Freeze serving-size portions of stew in zip-top freezer bags. To release from the bag, submerge under hot water for 30 seconds; then heat over medium-low heat.
1 1/2 pounds lean boneless chuck roast, trimmed and cut into 1-inch pieces
3/4 teaspoon salt, divided
1/2 teaspoon freshly ground black pepper, divided
2 tablespoons olive oil
2 medium onions, chopped
2 tablespoons all-purpose flour
1 tablespoon paprika
1 teaspoon caraway seeds
3 garlic cloves, minced
1 cup dry red wine
2 cups water, divided
1 1/2 cups unsalted beef stock
1 pound fingerling potatoes, cut into 1-inch chunks
3 carrots, coarsely chopped
2 red bell peppers, sliced
Est. added sugars 0g
How to Make It
Sprinkle beef with 1/2 teaspoon salt and 1/4 teaspoon pepper. Heat oil in a large Dutch oven over medium-high heat. Add one-third of beef to pan; cook 6 minutes or until golden brown on both sides. Transfer to a plate. Repeat procedure with remaining beef in 2 more batches.
Reduce heat to medium, and add onions to pan; cook 5 minutes or until softened. Add flour, paprika, caraway seeds, and garlic; cook 1 minute, stirring. Add wine; cook 2 minutes or until thickened, stirring occasionally and scraping browned bits from bottom of pan.
Add 1 cup water, stock, and beef to pan; bring to a simmer. Reduce heat to low; cook for 1 1/4 hours. Stir in potatoes, carrots, peppers, and remaining 1 cup water; simmer, partially covered, for 45 minutes to an hour or until meat and vegetables are fork-tender. Season stew with remaining 1/4 teaspoon salt and 1/4 teaspoon pepper.
Every nation have their own taste, but the original hungarian beef stew doesn't contain olive oil, flour, carrots and bell pepper. Instead of oil we use lard or diced raw (or smoked) fatback. Put the lard in the saucepan when it's hot enough put the onions and soften it, then add all the beef and wait until it's get whitened. Then add the salt and the paprika. Keep cooking without water for 1-2 minutes. Not more! (if you burn the paprika it's get bitter). Add 1-2 cup water and the rest of the spices. Keep cooking on low heat for about 3-4 hours, check in every 10-15 min and add some water if needed. When you feel the beef is almost ready, add one raw paprika (google for TV paprika) and one tomatoe (and the potatoe if you prefer). Cook for another 30 minutes and you are done.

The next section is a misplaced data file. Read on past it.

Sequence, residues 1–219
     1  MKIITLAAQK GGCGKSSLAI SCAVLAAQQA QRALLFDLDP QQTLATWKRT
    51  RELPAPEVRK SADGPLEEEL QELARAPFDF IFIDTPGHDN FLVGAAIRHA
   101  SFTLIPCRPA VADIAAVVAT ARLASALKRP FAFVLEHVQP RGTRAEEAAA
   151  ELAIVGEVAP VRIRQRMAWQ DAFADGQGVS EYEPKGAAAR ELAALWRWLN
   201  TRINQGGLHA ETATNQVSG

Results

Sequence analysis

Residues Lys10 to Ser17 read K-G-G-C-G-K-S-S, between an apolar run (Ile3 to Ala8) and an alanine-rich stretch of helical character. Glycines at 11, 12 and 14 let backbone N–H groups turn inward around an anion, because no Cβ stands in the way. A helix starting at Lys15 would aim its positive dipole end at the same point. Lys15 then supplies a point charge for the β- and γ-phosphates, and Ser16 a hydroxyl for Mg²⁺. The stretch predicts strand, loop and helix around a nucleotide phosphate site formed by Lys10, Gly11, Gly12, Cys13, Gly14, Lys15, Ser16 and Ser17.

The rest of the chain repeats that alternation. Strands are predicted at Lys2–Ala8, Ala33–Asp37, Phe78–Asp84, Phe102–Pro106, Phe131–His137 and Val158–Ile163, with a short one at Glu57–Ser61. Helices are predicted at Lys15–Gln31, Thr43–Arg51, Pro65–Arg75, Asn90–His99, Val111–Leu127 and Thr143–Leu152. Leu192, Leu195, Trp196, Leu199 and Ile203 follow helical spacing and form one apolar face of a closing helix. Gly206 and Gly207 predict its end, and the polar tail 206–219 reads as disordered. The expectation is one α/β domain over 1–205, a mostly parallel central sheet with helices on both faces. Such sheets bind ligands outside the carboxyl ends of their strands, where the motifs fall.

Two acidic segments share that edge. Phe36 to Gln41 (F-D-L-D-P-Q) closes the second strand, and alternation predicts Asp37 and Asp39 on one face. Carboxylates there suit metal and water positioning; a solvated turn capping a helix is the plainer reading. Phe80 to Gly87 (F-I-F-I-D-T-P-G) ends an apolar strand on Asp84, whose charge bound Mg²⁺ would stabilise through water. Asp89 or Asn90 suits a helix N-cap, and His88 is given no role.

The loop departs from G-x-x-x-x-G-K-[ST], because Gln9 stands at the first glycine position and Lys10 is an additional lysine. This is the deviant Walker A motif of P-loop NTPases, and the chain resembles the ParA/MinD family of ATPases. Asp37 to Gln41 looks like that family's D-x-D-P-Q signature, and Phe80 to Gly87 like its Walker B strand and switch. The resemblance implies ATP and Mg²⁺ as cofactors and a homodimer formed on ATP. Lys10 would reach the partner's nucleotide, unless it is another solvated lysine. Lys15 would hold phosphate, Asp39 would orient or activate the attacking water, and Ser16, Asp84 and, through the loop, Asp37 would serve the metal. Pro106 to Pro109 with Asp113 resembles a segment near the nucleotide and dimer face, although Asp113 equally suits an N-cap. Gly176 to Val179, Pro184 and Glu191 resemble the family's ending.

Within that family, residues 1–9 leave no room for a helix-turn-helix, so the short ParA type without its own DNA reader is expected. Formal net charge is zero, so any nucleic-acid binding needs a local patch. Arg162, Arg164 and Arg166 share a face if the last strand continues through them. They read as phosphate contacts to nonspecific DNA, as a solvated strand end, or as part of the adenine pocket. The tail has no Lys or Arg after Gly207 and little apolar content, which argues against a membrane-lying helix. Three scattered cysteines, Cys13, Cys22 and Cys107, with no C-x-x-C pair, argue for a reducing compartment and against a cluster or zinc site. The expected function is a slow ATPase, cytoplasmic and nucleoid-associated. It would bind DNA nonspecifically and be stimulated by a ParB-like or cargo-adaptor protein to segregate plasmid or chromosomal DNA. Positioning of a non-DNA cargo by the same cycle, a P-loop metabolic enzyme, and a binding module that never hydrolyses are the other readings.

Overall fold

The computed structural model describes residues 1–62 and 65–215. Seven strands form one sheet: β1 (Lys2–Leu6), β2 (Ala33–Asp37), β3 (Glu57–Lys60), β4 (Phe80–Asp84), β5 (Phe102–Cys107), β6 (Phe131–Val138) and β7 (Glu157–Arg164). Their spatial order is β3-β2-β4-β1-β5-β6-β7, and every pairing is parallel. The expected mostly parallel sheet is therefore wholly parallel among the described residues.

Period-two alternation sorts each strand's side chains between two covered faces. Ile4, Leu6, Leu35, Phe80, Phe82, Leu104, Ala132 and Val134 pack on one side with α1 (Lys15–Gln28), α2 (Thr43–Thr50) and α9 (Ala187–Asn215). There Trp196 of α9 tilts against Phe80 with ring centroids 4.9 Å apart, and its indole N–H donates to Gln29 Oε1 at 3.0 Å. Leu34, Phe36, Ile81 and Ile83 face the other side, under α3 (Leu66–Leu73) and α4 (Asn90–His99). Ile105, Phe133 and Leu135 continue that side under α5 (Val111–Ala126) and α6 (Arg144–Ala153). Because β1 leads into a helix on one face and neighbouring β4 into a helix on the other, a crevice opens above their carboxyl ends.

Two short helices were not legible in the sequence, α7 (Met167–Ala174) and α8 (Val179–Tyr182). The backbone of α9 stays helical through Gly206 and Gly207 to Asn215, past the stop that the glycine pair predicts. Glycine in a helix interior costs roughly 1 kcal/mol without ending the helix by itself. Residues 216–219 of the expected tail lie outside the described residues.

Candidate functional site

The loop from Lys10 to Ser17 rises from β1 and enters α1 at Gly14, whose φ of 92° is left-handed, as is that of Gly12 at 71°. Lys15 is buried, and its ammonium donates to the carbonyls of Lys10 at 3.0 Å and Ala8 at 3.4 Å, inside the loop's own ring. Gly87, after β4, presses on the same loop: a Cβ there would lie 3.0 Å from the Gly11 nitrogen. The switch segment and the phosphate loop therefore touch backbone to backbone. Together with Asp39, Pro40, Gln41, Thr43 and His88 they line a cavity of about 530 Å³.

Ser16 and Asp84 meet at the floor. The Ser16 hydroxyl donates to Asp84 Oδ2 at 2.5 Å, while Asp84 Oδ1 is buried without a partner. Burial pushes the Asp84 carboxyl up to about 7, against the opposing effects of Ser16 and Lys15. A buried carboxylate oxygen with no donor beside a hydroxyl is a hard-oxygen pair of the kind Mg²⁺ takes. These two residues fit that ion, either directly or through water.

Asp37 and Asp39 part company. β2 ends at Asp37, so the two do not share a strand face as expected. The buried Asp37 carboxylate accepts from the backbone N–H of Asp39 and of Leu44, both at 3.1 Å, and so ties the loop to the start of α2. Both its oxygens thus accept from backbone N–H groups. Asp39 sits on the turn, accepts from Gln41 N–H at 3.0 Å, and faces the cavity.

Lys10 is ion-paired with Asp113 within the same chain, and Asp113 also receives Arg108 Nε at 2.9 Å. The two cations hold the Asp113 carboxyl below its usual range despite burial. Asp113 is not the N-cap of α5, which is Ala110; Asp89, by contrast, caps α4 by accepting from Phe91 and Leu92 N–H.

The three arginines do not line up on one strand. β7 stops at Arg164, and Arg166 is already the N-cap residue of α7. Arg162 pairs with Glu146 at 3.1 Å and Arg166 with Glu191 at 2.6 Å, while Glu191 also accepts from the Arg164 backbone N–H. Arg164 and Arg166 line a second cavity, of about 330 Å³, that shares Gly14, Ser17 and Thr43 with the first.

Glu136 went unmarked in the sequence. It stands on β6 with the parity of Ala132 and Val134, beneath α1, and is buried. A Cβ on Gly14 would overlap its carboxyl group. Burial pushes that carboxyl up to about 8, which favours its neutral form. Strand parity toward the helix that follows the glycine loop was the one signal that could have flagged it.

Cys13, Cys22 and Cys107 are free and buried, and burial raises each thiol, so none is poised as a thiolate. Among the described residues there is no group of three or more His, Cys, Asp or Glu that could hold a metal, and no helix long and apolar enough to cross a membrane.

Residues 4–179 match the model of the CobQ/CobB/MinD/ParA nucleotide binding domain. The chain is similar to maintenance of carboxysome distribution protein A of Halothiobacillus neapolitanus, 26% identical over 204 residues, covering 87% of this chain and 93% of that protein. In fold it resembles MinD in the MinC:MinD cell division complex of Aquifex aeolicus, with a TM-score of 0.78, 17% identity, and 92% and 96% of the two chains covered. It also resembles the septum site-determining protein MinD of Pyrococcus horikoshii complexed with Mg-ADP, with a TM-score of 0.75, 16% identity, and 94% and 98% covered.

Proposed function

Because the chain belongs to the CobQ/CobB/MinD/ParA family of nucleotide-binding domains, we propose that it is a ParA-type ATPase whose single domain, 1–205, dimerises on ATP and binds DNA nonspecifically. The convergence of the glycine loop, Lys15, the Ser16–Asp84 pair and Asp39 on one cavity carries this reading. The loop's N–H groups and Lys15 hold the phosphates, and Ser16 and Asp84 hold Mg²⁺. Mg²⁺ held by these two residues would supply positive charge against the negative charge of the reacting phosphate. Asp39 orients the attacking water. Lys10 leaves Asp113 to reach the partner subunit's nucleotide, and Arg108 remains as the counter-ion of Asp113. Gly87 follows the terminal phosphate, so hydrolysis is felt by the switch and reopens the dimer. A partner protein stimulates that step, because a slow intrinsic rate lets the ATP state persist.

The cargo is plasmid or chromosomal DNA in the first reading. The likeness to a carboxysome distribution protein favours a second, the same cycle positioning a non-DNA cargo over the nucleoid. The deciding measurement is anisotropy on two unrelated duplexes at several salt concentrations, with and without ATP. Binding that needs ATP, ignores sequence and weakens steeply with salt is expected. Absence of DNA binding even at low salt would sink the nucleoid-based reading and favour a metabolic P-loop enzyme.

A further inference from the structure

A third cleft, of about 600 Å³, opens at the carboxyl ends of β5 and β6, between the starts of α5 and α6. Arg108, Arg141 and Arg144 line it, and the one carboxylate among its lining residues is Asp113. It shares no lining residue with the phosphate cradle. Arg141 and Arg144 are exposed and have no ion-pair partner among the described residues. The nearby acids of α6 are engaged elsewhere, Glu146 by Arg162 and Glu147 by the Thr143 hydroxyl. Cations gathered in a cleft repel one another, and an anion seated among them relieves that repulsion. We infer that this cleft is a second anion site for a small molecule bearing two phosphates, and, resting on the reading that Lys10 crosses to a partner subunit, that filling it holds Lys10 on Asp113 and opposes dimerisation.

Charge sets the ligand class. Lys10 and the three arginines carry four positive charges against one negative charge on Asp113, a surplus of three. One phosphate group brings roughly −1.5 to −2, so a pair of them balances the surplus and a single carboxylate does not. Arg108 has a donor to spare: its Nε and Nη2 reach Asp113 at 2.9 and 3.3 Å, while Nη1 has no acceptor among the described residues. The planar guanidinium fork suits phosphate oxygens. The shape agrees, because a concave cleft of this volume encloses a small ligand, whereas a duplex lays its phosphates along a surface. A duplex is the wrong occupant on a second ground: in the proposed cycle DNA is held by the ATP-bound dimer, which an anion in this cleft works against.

The beef was so fork-tender. I can't wait for leftover as I bet it will be even better after sitting overnight. I did thicken the sauce a tiny bit at the end with cornstarch. A bit of work, but not too bad. The house smelled wonderful all day. Would make again.
The caraway is essential. And don't skimp on the paprika. I used more beef broth than called for - I needed more to cover the vegetables. Also added a few mushrooms. This was a big hit with the whole family from my Hungarian Dad ("not exactly goulash, but very good") to my finicky niece ("Can I just pick out the mushrooms?"). Good for a large group since it has so little to do at the end.
Will be on frequent rotation here. Was worried about caraway seeds but necessary for the Hungarian taste. Flavor profile was different than usual Indian Italian Chinese etc. but in a good way. Made it exactly per recipe and wouldn't recommend anything different except possibly more paprika. Oh and final cooking t
Great recipe. Subbed sweet potato for the fingerlings and added parsnip and extra wine. Also used Cornstarch to thicken toward the end. Served 6 during the 2016 Blizzard in Philly and everyone loved the Stew (and that someone was cooking for them during a blizzard).
We converted this to a slow cooker recipe. It turned out really good with the meat tender and the potatoes perfect. The paprika really provided a nice flavor. Our full review with pictures can be found here: http://www.nickandalonakitchen.com/2016/03/slow-cooker-hungarian-beef-stew.html
Made it exactly as written. Took nearly an hour longer to cook the vegetables all the way through. Beef was dry and tough. Flavor was nothing to write home about - sort've tasted a little like Campbell's Chunky Beef Stew with less sodium. The broth is also copious and thin as water. This is a pretty uninspiring stew.
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